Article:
Why Terrace House is televisual equivalent of a mindfulness jigsaw

Like early Big Brother, the Japanese reality show is a fascinating glimpse at others – and ourselves

As we move through the uneasy summer of the Pandemic Year of our Lord 2020, baking has been replaced with holiday quarantine roulette, queuing to spend one hour 45 minutes in an impromptu beer garden near some bins and trawling the internet for a face covering that really expresses your personality. To be honest, it’s all a bit much.

So as a form of emergency occupational therapy, I have started doing 500-piece jigsaws of English village scenes from days of yore. These jigsaws look like a Farage fever dream; sunlit uplands scattered with playgrounds, sweet shops, churches, vintage buses and Caucasian faces as far as the eye can see. (In fact, if anyone knows of any multicultural jigsaws, do let me know, because if I see another white kid on a swing I’m going to scream.)   

Still, despite the dubiousness of the images, jigsaws are doing something that meditation, yoga and long walks have failed to do – they’re keeping all that low-level anxiety at bay. And the great thing is that you can also have the TV on while you’re doing them. Of course, you need to choose carefully. You need something soothing and unthreatening, preferably with zero plot twists. Too much action and you’re going to end up getting your grass mixed up with the sky and putting a pair of shoes on a tree.

But in a moment of serendipity after a trawl through Netflix the other day, I found that Terrace House: Boys & Girls in the City is the ultimate televisual pairing – the Beaujolais to my jigsaw’s Chateaubriand. Anyone who has seen Terrace House will know that it’s a cultural anomaly – a Japanese reality show where nothing dramatic really happens. Six single people move into a house together, get on relatively well, make dinner and go to sleep, while a bunch of baffling pundits critique the ‘action’ in the studio, analysing body language, personality and behaviour.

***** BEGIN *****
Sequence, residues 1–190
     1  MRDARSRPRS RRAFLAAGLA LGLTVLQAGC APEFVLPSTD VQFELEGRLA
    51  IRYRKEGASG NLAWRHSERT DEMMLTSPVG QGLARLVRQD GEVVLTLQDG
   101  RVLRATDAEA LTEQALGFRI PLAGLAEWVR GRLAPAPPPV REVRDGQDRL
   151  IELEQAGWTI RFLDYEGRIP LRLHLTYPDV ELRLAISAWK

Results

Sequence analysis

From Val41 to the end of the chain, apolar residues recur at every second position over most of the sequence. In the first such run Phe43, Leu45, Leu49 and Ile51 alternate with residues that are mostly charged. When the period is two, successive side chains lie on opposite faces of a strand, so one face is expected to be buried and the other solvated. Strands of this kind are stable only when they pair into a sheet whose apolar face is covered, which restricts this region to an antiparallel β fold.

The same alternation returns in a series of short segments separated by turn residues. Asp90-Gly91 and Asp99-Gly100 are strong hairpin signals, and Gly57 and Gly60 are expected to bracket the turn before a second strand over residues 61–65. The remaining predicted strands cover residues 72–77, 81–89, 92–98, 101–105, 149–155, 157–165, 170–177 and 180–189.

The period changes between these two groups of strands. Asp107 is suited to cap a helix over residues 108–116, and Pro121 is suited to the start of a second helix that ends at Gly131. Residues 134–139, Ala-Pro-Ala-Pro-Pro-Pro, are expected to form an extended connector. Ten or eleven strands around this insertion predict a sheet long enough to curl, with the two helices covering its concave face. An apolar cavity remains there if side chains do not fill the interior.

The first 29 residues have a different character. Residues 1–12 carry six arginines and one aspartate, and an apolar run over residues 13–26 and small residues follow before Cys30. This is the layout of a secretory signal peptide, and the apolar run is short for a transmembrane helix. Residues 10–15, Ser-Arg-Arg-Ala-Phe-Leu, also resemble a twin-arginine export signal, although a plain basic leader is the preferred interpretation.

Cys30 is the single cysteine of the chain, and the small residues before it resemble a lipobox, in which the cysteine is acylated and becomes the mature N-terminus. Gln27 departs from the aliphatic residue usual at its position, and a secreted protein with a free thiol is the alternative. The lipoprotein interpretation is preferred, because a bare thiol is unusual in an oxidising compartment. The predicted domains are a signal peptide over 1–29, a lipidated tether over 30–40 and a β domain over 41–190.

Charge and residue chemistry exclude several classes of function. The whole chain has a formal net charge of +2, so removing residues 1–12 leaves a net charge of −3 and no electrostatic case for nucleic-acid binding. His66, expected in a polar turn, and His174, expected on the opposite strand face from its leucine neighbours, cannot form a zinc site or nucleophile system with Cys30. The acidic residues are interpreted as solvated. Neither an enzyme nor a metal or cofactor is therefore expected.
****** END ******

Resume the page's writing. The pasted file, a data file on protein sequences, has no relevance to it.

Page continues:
It’s slow TV, like those golden days of Big Brother, before Nasty Nick made it all about scandal and game play. Remember when everyone used to watch Anna the Nun putting the kettle on and obsessively check the 24-hour live stream of them asleep? Like that. This series is in Tokyo and there’s none of the dry humping and fame-hungry posturing of Western shows. Everyone respectfully enquires about each other’s ambitions and moral compass, they choose which bed to sleep in by doing Rock, Paper, Scissors and go on wholesome dates to fish restaurants. Over time, we see them building relationships and the dynamics start falling into place. (Like a JIGSAW!) Although there are some low-level dramas, it’s mostly a charming, sanitised version of reality. (OMG, ALSO LIKE A JIGSAW!) OK, so I realise that this might not be everyone’s cup of matcha, but if you’re falling to pieces, it really is the perfect accompaniment.